LOOK before you LEAP
When is due diligence needed?
Before buying an established business, it is important that the prospective buyer examines the business in detail. This process is known as due diligence. Due diligence is generally conducted after the buyer and seller have agreed in principle to a deal, however, before signing a binding contract.
Conducting due diligence is the best way to assess the value of a business and the associated risks. For due diligence, seller provides access to important and confidential information about a business for specific time frame. Due diligence is completed in that time frame and all findings are reported to the buyer.
What generally due diligence covers?
Generally, scope of due diligence includes the following:
- Review of financial statements i.e. income statement / profit & loss account, balance sheet, cash flow statement
- Verification and an analysis of accounts receivable and payable
- Verification and review of tax returns including business activity statements
- Review of cash and bank statements and is reconciliations
- Verification and review of bank loans and lines of credit
- Review of minutes of directors’ meetings/management meetings
- Critical review and validation of any seller’s claims about their business
- privacy details (e.g. of employees, trading partners, customers)
- Verification of fixed assets and stock, where applicable
- Review and analysis of working capital management
- Verification of intellectual assets of the business (e.g. intellectual property, trademarks, patents)
- Review of existing contracts with clients/staff
- Review of all agreements
- Review and verification of any contingency and commitments arising out of business operations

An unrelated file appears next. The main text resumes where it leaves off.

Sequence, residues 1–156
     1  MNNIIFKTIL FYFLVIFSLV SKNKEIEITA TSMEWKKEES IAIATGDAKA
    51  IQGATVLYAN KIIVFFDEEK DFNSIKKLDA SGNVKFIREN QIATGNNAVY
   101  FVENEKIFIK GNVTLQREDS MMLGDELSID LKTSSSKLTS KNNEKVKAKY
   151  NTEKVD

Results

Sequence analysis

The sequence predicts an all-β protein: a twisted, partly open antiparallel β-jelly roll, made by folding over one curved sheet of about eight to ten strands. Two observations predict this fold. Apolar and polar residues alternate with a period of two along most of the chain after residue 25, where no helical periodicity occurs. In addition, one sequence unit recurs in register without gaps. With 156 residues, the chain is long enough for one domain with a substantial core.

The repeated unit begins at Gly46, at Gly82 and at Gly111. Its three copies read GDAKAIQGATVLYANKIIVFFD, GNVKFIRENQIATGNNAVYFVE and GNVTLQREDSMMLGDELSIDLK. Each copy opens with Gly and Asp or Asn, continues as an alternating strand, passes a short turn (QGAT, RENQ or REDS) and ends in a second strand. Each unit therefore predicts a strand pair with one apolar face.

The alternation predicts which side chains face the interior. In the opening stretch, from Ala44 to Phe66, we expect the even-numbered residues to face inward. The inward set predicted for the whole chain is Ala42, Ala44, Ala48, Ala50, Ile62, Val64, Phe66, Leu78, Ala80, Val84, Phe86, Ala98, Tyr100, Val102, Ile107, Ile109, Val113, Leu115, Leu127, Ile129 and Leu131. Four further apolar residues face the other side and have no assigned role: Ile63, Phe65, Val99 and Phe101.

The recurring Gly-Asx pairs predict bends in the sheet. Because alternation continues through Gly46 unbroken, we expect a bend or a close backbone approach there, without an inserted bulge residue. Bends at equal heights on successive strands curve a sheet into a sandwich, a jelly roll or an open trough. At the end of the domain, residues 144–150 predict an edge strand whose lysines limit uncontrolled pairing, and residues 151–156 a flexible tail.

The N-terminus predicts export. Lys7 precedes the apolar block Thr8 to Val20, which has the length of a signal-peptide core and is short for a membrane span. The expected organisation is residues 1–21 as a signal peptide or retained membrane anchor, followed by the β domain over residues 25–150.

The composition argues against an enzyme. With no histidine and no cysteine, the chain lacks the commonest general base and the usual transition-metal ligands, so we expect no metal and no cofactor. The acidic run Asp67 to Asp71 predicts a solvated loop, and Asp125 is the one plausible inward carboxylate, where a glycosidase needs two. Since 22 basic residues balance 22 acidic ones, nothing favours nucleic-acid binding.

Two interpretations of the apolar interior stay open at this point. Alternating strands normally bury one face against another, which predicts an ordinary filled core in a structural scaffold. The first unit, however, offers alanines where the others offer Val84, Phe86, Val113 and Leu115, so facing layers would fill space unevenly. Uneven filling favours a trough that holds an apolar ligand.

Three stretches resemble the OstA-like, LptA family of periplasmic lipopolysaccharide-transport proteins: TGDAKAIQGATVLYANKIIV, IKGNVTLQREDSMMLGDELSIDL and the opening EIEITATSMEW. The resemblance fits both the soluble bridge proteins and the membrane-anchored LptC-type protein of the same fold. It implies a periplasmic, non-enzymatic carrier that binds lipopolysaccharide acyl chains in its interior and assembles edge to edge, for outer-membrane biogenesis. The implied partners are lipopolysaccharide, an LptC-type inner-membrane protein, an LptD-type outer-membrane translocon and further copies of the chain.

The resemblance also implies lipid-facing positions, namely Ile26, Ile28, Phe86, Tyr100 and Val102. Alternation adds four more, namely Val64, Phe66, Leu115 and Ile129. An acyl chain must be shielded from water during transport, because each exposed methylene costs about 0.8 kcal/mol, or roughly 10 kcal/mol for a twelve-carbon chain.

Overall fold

- Interview of existing customers and suppliers, where permissible by the seller.
What you will get from due diligence?
From due diligence report, you can assess the business’s financial position and, current and future risk exposure. Due diligence is a process by virtue of which you can obtain answers to questions you may have about the business. It is also an opportunity for the seller to provide answers in a structured format. Good due diligence can become the difference between buying a business that makes or costs you money.
Types of due diligence
Generally there are following types of due diligences:
- Financial due diligence
- Legal due diligence
- Business due diligence
- Operational due diligence
- Human resource due diligence
- Commercial due diligence
So if you looking into investing into an existing business,
you need proper due diligence of that business !
We are helping businesses assess their financial position, and current & future risk exposures.
Let us help you conduct due diligence of your next venture.
Queensland: Brisbane, Cleveland, Logan City, Beenleigh, Gold Coast, Ipswich, Sunshine Coast
New South Wales: Sydney, Paramatta, Bayside Council (Rockdale), Shellharbour